this year’s mānuka honey harvest
Industrious honeybees make honey from plant nectar and store it in their hives to eat while flowers aren’t blooming. And luckily, they work so hard that they make too much. And in exchange for giving bees a safe, cosy hive, our beekeepers can harvest some of that honey. But what exactly happens during a Mānuka honey harvest?
Timing is everything (but so is placement)
At The True Honey Co., our intrepid beekeepers started placing our hives onto quality Mānuka blocks in August at the very top of the North Island. Flowering finished on our late blocks in the Taranaki region around the beginning of March.
Our beekeepers need to figure out the best time to harvest, to make sure that only the purest Mānuka honey is collected. This means the hives need to be removed for harvesting just before the Mānuka finishes flowering, so the bees aren’t tempted by other flowers for their nectar.
Climate and weather over summer can really affect the harvest, including both the quality and quantity of honey. And a spot of particularly nasty weather can affect the logistics of harvesting. In general, climatic conditions in our hive locations influence the timing and number of Mānuka blooms and determine the potency of the Mānuka honey harvest. This is because our busy honeybee will fly up to 6km each day to forage for nectar. So, depending on how much Mānuka is blooming in her flight path, she may have to supplement her diet with nectar from other flowers.
Weather conditions during flowering also have a direct impact on quantity. The hotter and more settled the weather is during flowering the more honey that will be produced.
The great bee escape
The next step is to remove the hives from each Mānuka block. Our hives are placed in some of the most remote, pristine areas in New Zealand. And the only way to access many of these far-flung spots is by helicopter.
We start work at daylight on the removal day, beginning by closing all of the doors on the hives that are planned to be removed on the day, this ensures that the bees are kept safe and sound. The hives are then flown to a harvest site, chosen for being nice and sheltered with good truck access. There, we’ll unhook the hives, open the doors to check that the colonies are healthy, and smoke the bees to keep them calm as they get used to their new (temporary) surroundings.
We also fit each hive with an ‘escape board’. This acts as a one-way valve between the honey boxes and the brood box or living area in the hive. These are left in place for 24 hours – giving the bees time to move down into the living area – and separating the bees from the honey. Our beekeeping team returns with smokers on hand to harvest the honey boxes from the top of the hive. This gentle method causes minimal stress or disruption to the colony.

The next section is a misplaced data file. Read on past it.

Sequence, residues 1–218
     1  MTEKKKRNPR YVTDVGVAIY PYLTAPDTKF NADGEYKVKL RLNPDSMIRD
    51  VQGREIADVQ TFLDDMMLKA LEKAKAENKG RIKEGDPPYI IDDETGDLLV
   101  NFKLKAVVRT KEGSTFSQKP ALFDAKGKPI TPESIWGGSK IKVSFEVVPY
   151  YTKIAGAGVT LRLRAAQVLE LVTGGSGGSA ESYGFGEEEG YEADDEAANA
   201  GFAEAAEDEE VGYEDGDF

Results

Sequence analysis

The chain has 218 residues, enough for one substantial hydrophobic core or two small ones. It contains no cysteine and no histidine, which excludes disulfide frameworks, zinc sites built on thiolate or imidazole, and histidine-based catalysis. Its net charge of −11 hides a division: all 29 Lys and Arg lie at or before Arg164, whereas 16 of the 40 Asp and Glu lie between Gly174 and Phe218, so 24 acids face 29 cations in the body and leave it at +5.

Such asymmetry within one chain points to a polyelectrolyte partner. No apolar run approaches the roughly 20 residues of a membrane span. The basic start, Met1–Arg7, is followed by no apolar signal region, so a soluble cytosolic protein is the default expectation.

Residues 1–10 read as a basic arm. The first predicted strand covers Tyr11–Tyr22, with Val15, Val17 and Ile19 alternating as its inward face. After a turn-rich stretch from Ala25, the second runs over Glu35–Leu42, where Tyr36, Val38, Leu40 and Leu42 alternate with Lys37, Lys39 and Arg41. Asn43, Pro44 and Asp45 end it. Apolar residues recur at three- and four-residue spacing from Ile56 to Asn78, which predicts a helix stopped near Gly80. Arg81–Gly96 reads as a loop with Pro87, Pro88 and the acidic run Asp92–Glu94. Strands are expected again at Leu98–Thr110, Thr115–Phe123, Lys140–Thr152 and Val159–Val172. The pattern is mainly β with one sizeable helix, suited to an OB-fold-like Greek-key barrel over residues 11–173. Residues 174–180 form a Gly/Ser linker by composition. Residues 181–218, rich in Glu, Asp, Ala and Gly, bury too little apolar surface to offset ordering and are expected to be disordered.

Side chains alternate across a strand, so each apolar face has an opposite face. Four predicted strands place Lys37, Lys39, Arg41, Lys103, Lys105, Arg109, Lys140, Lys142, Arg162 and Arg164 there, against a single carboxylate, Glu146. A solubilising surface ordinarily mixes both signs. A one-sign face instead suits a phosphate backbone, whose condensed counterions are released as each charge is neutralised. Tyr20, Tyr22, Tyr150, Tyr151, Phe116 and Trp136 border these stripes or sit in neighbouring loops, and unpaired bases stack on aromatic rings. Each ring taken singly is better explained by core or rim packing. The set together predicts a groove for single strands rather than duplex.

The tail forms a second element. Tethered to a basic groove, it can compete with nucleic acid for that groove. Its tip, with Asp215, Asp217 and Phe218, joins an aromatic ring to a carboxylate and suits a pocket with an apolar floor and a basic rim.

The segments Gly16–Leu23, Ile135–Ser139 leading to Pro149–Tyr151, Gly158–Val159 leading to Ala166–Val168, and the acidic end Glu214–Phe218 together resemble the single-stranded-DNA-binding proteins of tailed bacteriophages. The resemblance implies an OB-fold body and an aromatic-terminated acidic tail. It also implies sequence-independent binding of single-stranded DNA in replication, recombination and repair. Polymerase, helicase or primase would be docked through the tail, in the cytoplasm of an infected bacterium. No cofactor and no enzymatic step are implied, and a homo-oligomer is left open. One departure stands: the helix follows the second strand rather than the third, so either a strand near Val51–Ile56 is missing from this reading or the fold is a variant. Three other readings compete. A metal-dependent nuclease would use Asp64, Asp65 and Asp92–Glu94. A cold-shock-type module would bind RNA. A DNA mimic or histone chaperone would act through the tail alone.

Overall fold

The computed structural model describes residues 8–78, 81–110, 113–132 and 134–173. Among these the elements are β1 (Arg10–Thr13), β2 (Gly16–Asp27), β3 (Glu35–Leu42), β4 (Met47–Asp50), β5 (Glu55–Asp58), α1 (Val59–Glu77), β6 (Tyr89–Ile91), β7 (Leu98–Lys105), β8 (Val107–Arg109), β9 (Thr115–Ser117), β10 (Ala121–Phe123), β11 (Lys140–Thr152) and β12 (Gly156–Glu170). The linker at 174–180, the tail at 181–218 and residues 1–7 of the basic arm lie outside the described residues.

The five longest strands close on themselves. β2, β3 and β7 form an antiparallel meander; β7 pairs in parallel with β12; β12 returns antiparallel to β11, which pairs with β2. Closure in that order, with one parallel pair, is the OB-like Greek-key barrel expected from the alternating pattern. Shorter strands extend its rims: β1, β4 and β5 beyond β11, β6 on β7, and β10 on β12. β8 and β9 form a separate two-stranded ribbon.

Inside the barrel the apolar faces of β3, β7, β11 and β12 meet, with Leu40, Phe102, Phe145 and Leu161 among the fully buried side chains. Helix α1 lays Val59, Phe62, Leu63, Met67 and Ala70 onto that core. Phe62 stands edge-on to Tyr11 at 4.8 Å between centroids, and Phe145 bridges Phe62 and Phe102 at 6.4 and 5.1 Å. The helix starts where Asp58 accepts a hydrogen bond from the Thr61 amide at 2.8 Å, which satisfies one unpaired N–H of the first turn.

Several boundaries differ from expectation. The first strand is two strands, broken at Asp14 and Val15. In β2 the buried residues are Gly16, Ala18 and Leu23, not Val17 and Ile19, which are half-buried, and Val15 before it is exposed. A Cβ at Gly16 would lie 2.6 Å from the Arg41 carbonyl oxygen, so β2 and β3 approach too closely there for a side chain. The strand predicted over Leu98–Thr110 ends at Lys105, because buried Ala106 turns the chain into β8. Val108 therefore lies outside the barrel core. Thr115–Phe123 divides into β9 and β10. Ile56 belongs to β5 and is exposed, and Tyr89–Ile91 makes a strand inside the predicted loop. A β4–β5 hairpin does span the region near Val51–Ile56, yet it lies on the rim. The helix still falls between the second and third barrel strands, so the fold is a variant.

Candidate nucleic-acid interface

The next day, our beekeepers will come back and swap the full honey boxes with empty ones, so the hives are ready to be placed onto the next Mānuka Block. Full honey boxes are carefully put on a pallet, wrapped and labelled with the specific block where the honey was harvested and delivered to our extraction facility, where we let it gently warm up for a few days before it’s extracted from the honeycomb. We always leave some honey in the hive as it’s loaded with vitamins and minerals essential for good bee health. In fact, we deliberately produce extra honey in the shoulder season, to set aside for feeding the bees in winter and early spring.
The honey is extracted
Honey frames go into a honey loosener, to make extraction easier, and then into the extractor. This spins the frames in both directions, using centrifugal force to remove honey from the cells. The honey is then rewarmed, filtered and pumped into a tank, for decanting into large drums – which each has a unique identifier. We send samples from each of these drums to an independent laboratory for testing. The Mānuka honey is stored under temperature-controlled conditions for 9-12 months to develop its uniquely beneficial qualities.
Before we put the honey into our glass jars, it’s separated into different MGO/UMF™ levels. Some honey drums may be blended to get exactly the right levels before being creamed. Creaming stabilises the honey, so it has a nice smooth consistency and won’t go sugary as easily. Then the honey is poured, labelled, boxed and ready to travel the world.
How much and how often?
There are plenty of factors that influence the total yield of a hive each season. The big three are the health of the colony, weather condition during flowering and how well the Mānuka bush blooms. A Mānuka bush will usually flower for 4-8 weeks each year. During that time, a hive can produce anywhere from no honey up to 100kgs in a truly bumper season – although the average would be more like 10-30kg.
To make sure we can always make enough high MGO/UMF rated Mānuka honey for honey lovers around the world, we place hives across New Zealand. This means that bad weather in one region won’t affect the total harvest amount too much. We can also harvest more than one crop each season. On average we are producing 1.8 harvests per hive. So it’s not just our bees that are busy!